section 490.1(1)

INTRODUCTION AND BRIEF DESCRIPTION

This section allows for the forfeiture of property deemed to be related to an indictable offence under certain circumstances, with the property being disposed of by the appropriate government authority.

SECTION WORDING

490.1(1) Subject to sections 490.3 to 490.41, if a person is convicted of an indictable offence under this Act or the Corruption of Foreign Public Officials Act and, on application of the Attorney General, the court is satisfied, on a balance of probabilities, that any property is offence-related property and that the offence was committed in relation to that property, the court shall (a) where the prosecution of the offence was commenced at the instance of the government of a province and conducted by or on behalf of that government, order that the property be forfeited to Her Majesty in right of that province and disposed of by the Attorney General or Solicitor General of that province in accordance with the law; and (b) in any other case, order that the property be forfeited to Her Majesty in right of Canada and disposed of by the member of the Queens Privy Council for Canada that may be designated for the purpose of this paragraph in accordance with the law.

EXPLANATION

Section 490.1(1) of the Criminal Code of Canada provides for the forfeiture of property in cases where a person has been convicted of an indictable offence under the Act or the Corruption of Foreign Public Officials Act. If the court is satisfied, on a balance of probabilities, that the property in question is offence-related and that the offence was committed in relation to that property, the court must order the forfeiture of the property. The method of forfeiture depends on the circumstances of the prosecution: if the prosecution was conducted by the government of a province, the property will be forfeited to Her Majesty in right of that province and disposed of by the Attorney General or Solicitor General of the province in accordance with the law; if the prosecution was conducted by or on behalf of the government of Canada, the property will be forfeited to Her Majesty in right of Canada and disposed of by the appropriate member of the Queen's Privy Council for Canada. This section is significant in that it allows the government to target the proceeds of crime, including the profits gained from criminal activity, in order to ensure that criminals do not profit from their wrongdoing. The forfeiture of property serves as a deterrent to would-be criminals and can also be an important tool in disrupting criminal organizations. However, it is also important to ensure that the provisions of this section are not used arbitrarily or unfairly, as forfeiture can have significant consequences for innocent parties who may have an interest in the property in question.

COMMENTARY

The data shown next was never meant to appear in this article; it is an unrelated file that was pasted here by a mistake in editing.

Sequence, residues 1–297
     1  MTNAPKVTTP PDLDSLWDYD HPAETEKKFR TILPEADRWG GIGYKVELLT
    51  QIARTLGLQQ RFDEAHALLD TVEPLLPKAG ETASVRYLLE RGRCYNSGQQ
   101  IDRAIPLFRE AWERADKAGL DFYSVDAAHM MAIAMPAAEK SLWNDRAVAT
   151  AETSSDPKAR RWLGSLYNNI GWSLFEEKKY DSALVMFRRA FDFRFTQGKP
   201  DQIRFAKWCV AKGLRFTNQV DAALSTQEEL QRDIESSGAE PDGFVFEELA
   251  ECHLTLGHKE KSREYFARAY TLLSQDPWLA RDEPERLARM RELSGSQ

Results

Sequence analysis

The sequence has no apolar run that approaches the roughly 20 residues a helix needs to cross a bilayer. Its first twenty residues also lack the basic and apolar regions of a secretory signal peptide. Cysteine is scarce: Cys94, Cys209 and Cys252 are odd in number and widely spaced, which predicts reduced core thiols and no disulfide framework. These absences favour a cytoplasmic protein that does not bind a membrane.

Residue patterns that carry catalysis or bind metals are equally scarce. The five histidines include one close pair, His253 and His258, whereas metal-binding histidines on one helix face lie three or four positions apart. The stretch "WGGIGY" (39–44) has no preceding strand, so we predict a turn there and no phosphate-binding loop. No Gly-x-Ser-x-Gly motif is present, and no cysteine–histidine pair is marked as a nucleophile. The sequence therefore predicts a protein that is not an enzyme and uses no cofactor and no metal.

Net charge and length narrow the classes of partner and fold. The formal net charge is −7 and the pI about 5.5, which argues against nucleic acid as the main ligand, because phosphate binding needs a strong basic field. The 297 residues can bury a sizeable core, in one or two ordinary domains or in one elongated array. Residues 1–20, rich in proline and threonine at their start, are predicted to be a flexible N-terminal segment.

Section 490.1(1) of the Criminal Code of Canada allows for property forfeiture in cases where a person is convicted of an indictable offence under the Act or the Corruption of Foreign Public Officials Act, and it can be proven that the property in question is offense-related and that the offence was committed in relation to that property. The section outlines two scenarios in which property forfeiture can occur: when the prosecution is conducted by or on behalf of a provincial government, in which case the property is forfeited to Her Majesty in right of that province, or in any other case, the property is forfeited to Her Majesty in right of Canada. The purpose of property forfeiture is to deter criminal activity by removing the profits gained from criminal activities or property used to facilitate such activities. It is a way to send a message that crime does not pay and that individuals engaging in criminal activities will not be able to enjoy the fruits of their illegal actions. The key to this section is that it allows for property forfeiture only in cases where it can be proven that the property in question is related to the offence for which a person was convicted. The process for property forfeiture is initiated by an application from the Attorney General, who must prove on a balance of probabilities that the property is offense-related and that the offence was committed in relation to that property. The court is responsible for deciding whether or not forfeiture is appropriate and to whom the property will be forfeited. In cases where the prosecution is conducted by or on behalf of a provincial government, the Court will order that the property be forfeited to Her Majesty in right of that province and disposed of by the Attorney General or Solicitor General of that province in accordance with the law. In all other cases, the property will be forfeited to Her Majesty in right of Canada and disposed of by the member of the Queen's Privy Council for Canada that may be designated for the purpose of this paragraph in accordance with the law. While the purpose of property forfeiture is laudable, it must be done with care and within the constraints of the law. Property forfeiture can be a significant penalty for individuals who may lose all of their assets as a result of a criminal conviction. Therefore, it is important that the application of this section is fair and consistent and that the process is transparent and accountable. In conclusion, Section 490.1(1) of the Criminal Code of Canada allows for property forfeiture in cases where there is clear evidence linking the property in question to the commission of a criminal offence. The goal of this section is to deter criminal activity and remove the profits gained from such activities. However, the application of this section must be done with care and within the constraints of the law to ensure that individuals are not unduly penalized and that the process is transparent and accountable.